Discrimination at work is a pervasive issue that goes much further than interpersonal interactions. Although most people readily imagine workplace discrimination as a statement or action someone takes, it’s not always happening at the “ground level,” so to speak.
Sometimes discrimination occurs at an institutional level in a company. This means that a company’s policies and practices are inherently discriminatory, and any enforcement of these policies can result in liability for the employer.
Defining Discrimination at Work
Workplace discrimination is any adverse, unfair, or different treatment that an employee receives as a result of their real or perceived association with a protected characteristic. If an employer makes a decision regarding an employee, with consideration of a protected characteristic taken into account, the employer risks liability for a discrimination lawsuit.
A few of the protected characteristics (or classes) California recognizes includes the following:
- Skin Color
- Religion (including dress and grooming practices)
- Sex (including pregnancy, childbirth, and related medical conditions)
- Age (40 or older)
- Gender Identity and Expression
- Sexual Orientation
- Marital Status
- National Origin
- Genetic Information
An employer can’t discriminate against any employee or group of employees when taking protected characteristics such as these into account.
Examples of Discriminatory Workplace Policies
Employers can expect a lot when it comes to how employees should present themselves and behave in the workplace. In most cases, employees can find these expectations outlined in their employee manuals, which they may have received upon hiring and may have been updated since their hiring.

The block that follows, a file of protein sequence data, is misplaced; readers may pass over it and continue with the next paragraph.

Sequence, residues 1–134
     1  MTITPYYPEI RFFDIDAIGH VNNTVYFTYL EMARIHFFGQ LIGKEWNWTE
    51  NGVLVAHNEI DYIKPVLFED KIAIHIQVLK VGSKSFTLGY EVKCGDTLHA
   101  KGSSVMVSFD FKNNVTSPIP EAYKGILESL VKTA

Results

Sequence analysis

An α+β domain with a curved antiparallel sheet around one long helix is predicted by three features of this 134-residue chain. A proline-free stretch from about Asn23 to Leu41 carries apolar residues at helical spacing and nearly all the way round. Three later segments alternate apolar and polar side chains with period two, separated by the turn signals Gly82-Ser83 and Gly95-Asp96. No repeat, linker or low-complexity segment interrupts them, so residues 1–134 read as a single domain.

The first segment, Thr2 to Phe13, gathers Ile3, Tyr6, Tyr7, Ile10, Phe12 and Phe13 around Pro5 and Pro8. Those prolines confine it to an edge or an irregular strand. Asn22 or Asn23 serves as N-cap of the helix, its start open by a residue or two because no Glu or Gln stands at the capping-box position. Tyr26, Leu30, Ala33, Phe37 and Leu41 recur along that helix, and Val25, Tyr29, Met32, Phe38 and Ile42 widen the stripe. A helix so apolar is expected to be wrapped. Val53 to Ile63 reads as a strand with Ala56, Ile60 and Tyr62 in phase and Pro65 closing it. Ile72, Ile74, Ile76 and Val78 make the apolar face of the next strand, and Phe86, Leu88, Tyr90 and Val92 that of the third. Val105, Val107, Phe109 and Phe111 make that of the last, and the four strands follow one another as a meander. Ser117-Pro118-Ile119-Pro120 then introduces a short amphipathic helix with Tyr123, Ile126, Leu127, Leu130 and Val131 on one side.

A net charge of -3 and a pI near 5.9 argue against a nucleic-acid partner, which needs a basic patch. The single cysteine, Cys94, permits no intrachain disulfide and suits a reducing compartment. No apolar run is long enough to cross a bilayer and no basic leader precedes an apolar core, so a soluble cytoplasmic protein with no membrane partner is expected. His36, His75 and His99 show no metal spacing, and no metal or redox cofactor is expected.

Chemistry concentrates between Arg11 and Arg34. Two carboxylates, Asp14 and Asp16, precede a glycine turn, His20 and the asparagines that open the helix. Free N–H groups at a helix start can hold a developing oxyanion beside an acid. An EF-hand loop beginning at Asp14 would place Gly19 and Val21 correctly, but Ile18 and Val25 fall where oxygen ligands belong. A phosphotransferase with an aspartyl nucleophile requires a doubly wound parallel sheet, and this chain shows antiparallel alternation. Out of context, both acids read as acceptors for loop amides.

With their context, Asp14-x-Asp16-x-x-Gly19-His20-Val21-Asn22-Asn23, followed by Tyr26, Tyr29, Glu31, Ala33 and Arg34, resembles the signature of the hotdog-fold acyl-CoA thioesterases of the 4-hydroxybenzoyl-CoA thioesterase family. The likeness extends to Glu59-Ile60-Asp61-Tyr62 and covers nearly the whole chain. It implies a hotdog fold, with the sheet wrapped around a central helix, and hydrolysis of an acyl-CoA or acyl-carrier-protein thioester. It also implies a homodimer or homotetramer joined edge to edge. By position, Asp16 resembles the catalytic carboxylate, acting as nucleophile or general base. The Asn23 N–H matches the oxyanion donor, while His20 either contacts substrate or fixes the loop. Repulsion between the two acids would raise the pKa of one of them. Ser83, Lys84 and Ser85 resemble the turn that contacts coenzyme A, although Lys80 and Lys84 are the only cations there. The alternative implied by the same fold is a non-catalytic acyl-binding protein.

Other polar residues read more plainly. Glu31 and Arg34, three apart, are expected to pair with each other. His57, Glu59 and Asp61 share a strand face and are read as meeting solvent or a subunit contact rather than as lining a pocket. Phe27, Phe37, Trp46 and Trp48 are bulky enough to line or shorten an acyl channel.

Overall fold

Although employers enjoy a certain amount of control over their employees’ presentation and conduct, at no point should any policy or practice implicitly discriminate against any protected characteristic.
The following are examples of how policies at work can discriminate:
- Banning hairstyles typically associated with a specific race or ethnic background, such as braids, locks, and twists (these hairstyles are protected under the CROWN Act).
- Establishing bonuses for participation in an after-work Bible study group.
- Denying time off for any religious holidays that aren’t also federal bank holidays.
- Terminating employees when they become pregnant.
- Mandatory retirement, with limited exceptions.
- Denying advancement for employees with disabilities
The examples above demonstrate decisions that can go beyond the individual at a company. In other words, these examples – if they were implemented at a real company – could discriminate against a few, tens, hundreds, or even thousands of people at once.
Fighting Discriminatory Work Policies
If your employer has discriminatory policies that it actively enforces, you can hold them accountable with legal action. Discrimination at work is illegal whether it happens at an interpersonal or institutional level. With legal assistance from K2 Law Group, you can have the legal support necessary to file your claim and fight against workplace discrimination.